Tuesday, October 14, 2008

Okay... So I Guess I Don't Get It...

Gasoline prices are still very high! Though Americans are glad to see prices inching down towards $3.00/gallon-- and sometimes less-- I don't understand why they're still above $2.00. Here's my thinking:
  • The gas companies say they price their gasoline based on the cost to replace inventory. That's a reasonable accounting method (lifo, or last in first out), but it needs to be consistently applied.
  • Now that oil is below $80/barrel-- less than half it's all time high from just months ago, why haven't they adjusted the price of gasoline down by the cost to replace inventory? It's as though they are using another accounting method-- fifo (first in first out)-- which is just plain wrong.
They've always got the same old excuses about the cost of exploration, etc; but those costs were built in before the cost per barrel skyrocketed, right? Has the cost for exploration increased significantly in recent months? I doubt it. But once again, they've gotten the American people complacent about a methodology that raises their revenues beyond reason. And what does Congress always do? They investigate, which generates income from lobbyists, then declare no wrongdoing found.

I'm ready for a change... are you?


Peter Schott said...

Agreed to a point, but I think the main reason for the insanely high price was the people looking at oil and seeing that it was "running out". I really hope that someone doesn't decide that we need to start instituting any sort of windfall tax or profiteering tax because we'll go back to lines for gas. Supply & demand. If we want real change here, we need not only alternative sources, but more refineries and less foreign oil. (Especially more refineries, like not in the Gulf of Mexico.)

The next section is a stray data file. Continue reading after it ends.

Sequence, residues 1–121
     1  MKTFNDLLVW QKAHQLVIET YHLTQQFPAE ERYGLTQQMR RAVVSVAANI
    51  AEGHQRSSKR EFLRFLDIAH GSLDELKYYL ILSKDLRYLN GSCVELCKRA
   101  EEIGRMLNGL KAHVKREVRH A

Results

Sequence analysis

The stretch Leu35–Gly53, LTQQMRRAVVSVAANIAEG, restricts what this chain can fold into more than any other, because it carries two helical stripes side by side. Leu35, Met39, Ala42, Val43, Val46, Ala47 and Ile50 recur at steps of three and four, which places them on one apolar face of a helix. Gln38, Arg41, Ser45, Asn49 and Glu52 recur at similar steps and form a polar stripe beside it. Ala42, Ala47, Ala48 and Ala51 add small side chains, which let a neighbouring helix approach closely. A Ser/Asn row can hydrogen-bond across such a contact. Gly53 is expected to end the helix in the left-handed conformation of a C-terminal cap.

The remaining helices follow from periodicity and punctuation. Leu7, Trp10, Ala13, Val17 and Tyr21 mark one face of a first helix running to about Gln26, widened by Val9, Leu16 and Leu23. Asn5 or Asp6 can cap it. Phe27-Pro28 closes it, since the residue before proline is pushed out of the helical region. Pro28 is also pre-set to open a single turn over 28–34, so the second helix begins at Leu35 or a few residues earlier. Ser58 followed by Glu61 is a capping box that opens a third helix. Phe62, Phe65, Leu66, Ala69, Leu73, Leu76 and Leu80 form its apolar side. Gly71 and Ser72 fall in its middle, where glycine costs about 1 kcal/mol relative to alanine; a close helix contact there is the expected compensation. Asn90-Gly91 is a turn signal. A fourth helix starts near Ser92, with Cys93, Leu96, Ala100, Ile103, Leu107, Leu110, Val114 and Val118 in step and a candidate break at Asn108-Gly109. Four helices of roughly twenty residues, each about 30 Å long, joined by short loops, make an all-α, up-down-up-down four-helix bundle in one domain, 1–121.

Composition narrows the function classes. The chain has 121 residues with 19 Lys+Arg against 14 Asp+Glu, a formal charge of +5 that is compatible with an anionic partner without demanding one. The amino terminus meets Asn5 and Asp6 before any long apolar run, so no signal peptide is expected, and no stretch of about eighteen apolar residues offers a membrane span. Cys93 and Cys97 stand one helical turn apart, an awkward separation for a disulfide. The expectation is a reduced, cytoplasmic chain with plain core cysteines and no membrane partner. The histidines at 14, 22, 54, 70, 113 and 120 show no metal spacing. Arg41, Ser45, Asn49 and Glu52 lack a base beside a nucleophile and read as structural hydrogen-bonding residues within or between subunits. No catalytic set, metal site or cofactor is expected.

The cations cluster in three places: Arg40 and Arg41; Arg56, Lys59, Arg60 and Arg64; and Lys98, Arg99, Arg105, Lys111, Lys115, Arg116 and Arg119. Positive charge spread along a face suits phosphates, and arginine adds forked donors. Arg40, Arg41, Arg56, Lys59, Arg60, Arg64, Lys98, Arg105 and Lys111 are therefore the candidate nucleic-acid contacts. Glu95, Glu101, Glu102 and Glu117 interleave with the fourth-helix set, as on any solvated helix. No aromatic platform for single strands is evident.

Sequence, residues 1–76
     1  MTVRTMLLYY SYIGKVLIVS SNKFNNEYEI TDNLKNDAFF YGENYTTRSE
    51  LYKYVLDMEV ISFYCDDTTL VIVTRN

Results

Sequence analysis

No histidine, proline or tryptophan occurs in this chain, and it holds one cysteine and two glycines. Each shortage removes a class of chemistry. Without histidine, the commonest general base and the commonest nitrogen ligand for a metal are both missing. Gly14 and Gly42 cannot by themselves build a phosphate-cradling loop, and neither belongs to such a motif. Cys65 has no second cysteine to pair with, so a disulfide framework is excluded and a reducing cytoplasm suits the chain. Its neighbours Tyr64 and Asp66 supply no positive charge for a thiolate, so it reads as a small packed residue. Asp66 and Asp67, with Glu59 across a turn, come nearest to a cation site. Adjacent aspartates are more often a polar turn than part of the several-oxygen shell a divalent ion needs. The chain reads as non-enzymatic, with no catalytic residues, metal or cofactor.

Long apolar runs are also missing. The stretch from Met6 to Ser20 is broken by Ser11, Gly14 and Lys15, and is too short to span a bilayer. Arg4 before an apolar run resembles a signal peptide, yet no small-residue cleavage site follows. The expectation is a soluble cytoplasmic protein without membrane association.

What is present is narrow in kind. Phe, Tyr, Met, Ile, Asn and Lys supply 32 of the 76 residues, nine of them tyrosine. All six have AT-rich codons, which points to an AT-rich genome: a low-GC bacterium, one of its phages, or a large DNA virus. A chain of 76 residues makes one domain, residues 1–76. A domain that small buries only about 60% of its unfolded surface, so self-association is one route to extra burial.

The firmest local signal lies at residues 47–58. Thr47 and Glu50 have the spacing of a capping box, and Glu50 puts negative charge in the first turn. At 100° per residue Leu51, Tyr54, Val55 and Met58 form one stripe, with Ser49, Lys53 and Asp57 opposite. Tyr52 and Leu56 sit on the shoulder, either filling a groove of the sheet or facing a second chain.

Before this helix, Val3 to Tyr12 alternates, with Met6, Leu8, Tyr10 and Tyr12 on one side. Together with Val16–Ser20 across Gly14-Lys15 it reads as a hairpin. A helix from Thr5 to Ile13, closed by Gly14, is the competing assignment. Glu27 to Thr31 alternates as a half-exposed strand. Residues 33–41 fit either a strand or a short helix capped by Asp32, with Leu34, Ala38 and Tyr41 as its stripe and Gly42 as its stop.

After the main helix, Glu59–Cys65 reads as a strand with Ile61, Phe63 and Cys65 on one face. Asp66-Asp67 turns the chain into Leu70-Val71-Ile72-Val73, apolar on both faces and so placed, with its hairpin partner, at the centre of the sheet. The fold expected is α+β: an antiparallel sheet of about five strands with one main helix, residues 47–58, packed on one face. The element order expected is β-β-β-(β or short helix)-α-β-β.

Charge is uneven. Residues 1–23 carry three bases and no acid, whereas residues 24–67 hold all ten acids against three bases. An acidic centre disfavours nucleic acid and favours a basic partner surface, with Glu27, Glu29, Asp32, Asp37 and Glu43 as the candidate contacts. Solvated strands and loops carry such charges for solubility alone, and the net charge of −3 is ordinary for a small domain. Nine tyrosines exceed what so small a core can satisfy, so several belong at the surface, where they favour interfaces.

Not defending the oil companies, but I don't think this will be solved with any sort of punitive tax or fine. The tax money would be wasted. The cost for any fine would just be passed down to us.

Best way to reduce the price is to reduce demand and/or increase supply. More fuel efficient cars, more oil exploration within our borders, and always looking for a good source of alternative energy. (And less government involvement - every time our leaders in Congress said there would be no US exploration over the summer the price of oil shot up.)

Nick Nicholaou said...

Well said, Peter. And we the public should not feel good about $2.00+ gas prices; we should be outraged they are not falling as fast as the cost of a barrel of oil.